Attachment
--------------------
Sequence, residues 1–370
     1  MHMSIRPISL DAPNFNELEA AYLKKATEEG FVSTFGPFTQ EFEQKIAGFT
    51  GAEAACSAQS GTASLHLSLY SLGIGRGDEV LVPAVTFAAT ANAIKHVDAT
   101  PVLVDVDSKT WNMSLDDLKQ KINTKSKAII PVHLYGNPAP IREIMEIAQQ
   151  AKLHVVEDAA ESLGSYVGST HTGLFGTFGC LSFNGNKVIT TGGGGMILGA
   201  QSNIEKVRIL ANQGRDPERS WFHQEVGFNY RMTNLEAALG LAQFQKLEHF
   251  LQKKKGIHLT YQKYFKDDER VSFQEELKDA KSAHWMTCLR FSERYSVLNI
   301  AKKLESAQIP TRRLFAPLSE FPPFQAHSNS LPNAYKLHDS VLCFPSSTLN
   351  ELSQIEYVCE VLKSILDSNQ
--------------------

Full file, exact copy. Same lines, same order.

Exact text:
Sequence, residues 1–370
     1  MHMSIRPISL DAPNFNELEA AYLKKATEEG FVSTFGPFTQ EFEQKIAGFT
    51  GAEAACSAQS GTASLHLSLY SLGIGRGDEV LVPAVTFAAT ANAIKHVDAT
   101  PVLVDVDSKT WNMSLDDLKQ KINTKSKAII PVHLYGNPAP IREIMEIAQQ
   151  AKLHVVEDAA ESLGSYVGST HTGLFGTFGC LSFNGNKVIT TGGGGMILGA
   201  QSNIEKVRIL ANQGRDPERS WFHQEVGFNY RMTNLEAALG LAQFQKLEHF
   251  LQKKKGIHLT YQKYFKDDER VSFQEELKDA KSAHWMTCLR FSERYSVLNI
   301  AKKLESAQIP TRRLFAPLSE FPPFQAHSNS LPNAYKLHDS VLCFPSSTLN
   351  ELSQIEYVCE VLKSILDSNQ